2017 Update: This 335is/550i clutch setup held up great for 22k hard miles! I have absolutely no complaints. In June I decided to upgrade to MMP Stage 3 turbos and chase 700whp. I knew this clutch setup wouldn’t hold, so I removed it and replaced it with a SPEC Stage 3+ unit.
After adding my aggressive E85 flash last summer, the factory clutch started to slip. I decided it was time to upgrade so I could enjoy the car to it’s full potential this summer. From Spec to ACT, there are plenty of aftermarket options available. Then I found the 335is/550i clutch upgrade on ECSTuning, so I started to do some research.
This clutch comes factory in the F10 550i, which puts down 443 tq and weighs a whopping 4552 lbs. DINAN doesn’t offer a clutch upgrade for their different stages of 550i’s, so apparently they feel that it is adequate. Their Stage 3 550i puts down 580 tq and they kept the factory clutch. Also, someone on the forums is using this clutch and claims that it is holding at over 620wtq on aftermarket turbos. To me, it sounds like the clutch is severely underrated.
My 135i won’t see more than 500 tq anytime soon. I’d guess that it is currently around 420whp/465wtq, but only weighs 3300 lbs!
I decided to give it a try. Here is my parts list from ECSTuning:
- 335is/550i 6-speed Clutch Kit
- Clutch friction disc
- Throwout/release bearing
- Clutch fork lever
- Pressure plate
- Pressure plate bolts
- Manual Transmission Service Kit
- 2 quarts of Redline D4 ATF transmission fluid
- Drain plug with crush washer
- Fill plug with crush washer
- Flywheel bolts
- 8 bolts if you have 2007-2008 N54
- 6 bolts if you have 2009+ N54
- Downpipe exhaust gaskets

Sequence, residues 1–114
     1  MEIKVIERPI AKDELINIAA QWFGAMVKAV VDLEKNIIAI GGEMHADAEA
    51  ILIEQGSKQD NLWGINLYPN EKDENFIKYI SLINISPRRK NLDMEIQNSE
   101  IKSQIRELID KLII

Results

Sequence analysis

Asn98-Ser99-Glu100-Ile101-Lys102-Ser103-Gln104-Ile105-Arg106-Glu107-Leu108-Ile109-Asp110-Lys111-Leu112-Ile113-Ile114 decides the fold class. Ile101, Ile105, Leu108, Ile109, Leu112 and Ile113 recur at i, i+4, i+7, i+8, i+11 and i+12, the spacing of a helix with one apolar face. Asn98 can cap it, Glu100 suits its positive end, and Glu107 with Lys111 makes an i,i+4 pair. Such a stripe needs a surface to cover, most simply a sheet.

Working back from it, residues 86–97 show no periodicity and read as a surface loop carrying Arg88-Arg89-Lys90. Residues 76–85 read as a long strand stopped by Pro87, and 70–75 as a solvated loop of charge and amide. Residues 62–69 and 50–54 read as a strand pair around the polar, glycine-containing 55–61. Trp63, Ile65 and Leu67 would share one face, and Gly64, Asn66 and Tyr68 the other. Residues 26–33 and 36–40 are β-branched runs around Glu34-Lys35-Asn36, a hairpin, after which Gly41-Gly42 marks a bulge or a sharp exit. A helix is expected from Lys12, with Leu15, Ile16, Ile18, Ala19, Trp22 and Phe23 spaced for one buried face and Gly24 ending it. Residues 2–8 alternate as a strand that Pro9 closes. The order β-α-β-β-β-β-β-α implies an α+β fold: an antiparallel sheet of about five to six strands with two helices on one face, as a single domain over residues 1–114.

- You will need 2 of these
- Aluminum Transmission Bolt Set
- Pilot Bearing
- Rear Main Seal
- Total ECSTuning parts cost: $544.17
When replacing your clutch, I highly advise that you also replace the factory dual-mass flywheel (DMFW). The springs wear over time and will eventually let go. I chose to go with a lighter, single-mass flywheel (SMFW) from MFactory for $499.95 shipped. This brought my total parts cost to $1044.12, not bad.
DMFW vs. SMFW could be debated for hours, but it all comes down to what you want out of the car. If you care about noise, go with a DMFW. The SMFW chatters a little bit, especially with the A/C on. However, the DMFW is known for having issues at high horsepower levels. If you plan on upgrading to aftermarket turbos, you will want a SMFW. SMFW also rev faster because there is less rotating mass. OEM and aftermarket DMFWs are available on ECSTuning. I chose the SMFW because this is now a performance car. It is no longer stock and will never return to the car it once was from the factory.
Here is a video I recorded after install with the SMFW chatter:
Let’s get down to the dirty stuff… old clutch:
Still some life left on the friction disc, but some slipping spots with heat damage on the pressure plate. Everything else was ‘okay’. The new rear main seal was installed and the transmission was removed.
See those two bottles of Redline D4 ATF on the table? We drained the old fluid out and added about 1.5 quarts until it started overflowing. After that, the new clutch and flywheel were bolted on.
Lastly, everything goes back together in reverse order. Obviously I didn’t get pictures of everything during the install, but it all went together flawlessly. Big thanks to my buddy Kevin, who did an awesome job with the install. He took great care of the car!
Once the car was finished, I took it out for a test drive and it feels fantastic. The clutch pedal is slightly stiffer, but retains an OEM feel. The gear changes are nice and smooth with the new Redline fluid. Everything grabs like it should and I’m very satisfied with the new setup! It will be put to the test this summer…